Characteristics and organization of the Fairtrade market in Brazil
No 95348, 116th Seminar, October 27-30, 2010, Parma, Italy from European Association of Agricultural Economists
Elena Valentini, October 2010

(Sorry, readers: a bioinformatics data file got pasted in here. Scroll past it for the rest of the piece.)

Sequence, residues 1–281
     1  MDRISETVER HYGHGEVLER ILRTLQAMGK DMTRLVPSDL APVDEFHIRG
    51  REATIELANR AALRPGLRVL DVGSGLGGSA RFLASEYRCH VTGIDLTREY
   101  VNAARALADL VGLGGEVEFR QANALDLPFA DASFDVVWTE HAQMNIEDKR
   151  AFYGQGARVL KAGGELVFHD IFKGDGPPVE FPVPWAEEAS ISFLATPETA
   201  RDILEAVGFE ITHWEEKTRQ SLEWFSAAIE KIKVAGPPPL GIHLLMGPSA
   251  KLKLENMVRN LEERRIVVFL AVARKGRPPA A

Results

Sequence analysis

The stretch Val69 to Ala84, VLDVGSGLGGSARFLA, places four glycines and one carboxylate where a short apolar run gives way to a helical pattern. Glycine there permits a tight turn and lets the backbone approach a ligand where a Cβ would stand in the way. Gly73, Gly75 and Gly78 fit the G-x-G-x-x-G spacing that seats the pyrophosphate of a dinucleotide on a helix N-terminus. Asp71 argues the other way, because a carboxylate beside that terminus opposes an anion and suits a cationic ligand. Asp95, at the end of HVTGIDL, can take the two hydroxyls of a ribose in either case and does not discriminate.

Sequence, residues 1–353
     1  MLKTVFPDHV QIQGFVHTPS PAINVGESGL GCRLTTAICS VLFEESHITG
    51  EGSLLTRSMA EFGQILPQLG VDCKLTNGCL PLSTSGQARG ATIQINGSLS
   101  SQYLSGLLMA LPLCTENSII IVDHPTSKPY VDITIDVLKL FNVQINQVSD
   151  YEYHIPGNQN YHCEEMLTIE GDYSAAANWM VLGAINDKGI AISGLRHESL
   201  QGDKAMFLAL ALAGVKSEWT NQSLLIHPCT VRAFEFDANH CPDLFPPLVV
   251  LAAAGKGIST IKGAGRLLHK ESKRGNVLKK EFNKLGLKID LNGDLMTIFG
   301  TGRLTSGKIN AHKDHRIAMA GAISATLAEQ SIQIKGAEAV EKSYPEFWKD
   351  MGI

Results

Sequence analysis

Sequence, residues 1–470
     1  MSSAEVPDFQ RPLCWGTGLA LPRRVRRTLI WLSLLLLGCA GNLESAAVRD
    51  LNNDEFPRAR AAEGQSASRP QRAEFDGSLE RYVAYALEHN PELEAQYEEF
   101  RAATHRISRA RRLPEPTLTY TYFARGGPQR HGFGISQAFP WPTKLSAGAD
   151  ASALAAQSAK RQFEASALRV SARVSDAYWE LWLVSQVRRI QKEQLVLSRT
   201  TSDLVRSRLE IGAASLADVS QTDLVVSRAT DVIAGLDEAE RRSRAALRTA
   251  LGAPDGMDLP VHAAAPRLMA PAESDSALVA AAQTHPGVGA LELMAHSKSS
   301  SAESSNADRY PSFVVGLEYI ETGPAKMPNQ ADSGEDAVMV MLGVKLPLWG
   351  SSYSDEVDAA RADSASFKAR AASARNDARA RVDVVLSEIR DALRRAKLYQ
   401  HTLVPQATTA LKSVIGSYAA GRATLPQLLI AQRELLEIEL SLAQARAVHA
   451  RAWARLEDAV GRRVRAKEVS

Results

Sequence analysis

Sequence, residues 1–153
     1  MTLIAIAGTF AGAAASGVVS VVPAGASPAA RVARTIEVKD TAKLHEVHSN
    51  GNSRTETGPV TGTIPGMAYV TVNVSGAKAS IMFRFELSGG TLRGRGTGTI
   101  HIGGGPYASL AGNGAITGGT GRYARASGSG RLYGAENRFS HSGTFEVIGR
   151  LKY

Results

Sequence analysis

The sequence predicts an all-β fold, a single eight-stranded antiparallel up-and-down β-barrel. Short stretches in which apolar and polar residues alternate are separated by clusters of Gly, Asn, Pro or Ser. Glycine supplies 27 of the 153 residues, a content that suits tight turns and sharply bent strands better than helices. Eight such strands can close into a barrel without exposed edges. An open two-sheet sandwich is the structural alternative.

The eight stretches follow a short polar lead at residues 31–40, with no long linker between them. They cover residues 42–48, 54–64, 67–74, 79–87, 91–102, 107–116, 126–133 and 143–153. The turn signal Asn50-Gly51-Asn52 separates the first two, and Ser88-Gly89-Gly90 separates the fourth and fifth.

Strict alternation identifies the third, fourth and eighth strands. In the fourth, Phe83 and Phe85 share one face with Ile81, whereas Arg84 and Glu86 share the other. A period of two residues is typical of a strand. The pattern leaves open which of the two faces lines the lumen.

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Fair Trade is defined as a set of socio-economic activities which are alternative to traditional and international trade. It began from the belief that the principal market’s laws tend to cause serious damage to the South, and especially to the many workers devoted to ‘agriculture’. The concept of Fair Trade is very important and powerful because it states that all trades should follow right principles; this statement highlights the importance of the movement as a regulatory model for all the incorporation models of trade regulations. In this paper, with both historical and analytical approaches, we will try to analyze the economic paradigms which are taking place in the South and to highlight the importance, sometimes forgotten by stakeholders in the North, of Fair Trade as a new way to change market rules and turn them to the service of those who are excluded from the economic system. We have taken as a case study Brazil, which since 2001 has undertaken a very attractive challenge: to become not just a supplier, but producer and consumer of Fair Trade food and hand-made products too. Various social actors in Brazil have formed a discussion platform named the Forum de Articulação do Comércio Ético e Solidário(FACES), in order to discuss and suggest the construction of a favourable and necessary environment for the implementation of a cohesive national market. With the promotion and the construction of a Brazilian Fair Trade system it will be possible to ensure a national identity for the concept and to create a cohesive national market, promoting the diffusion of products and producers as part of the system. This works for the South-South economy but also for the North-North version, thanks to the construction of « networks of solidarity economy » in which the relationship between producers and consumers is measured by social and human « indicators » too, not only by monetary and financial ones.
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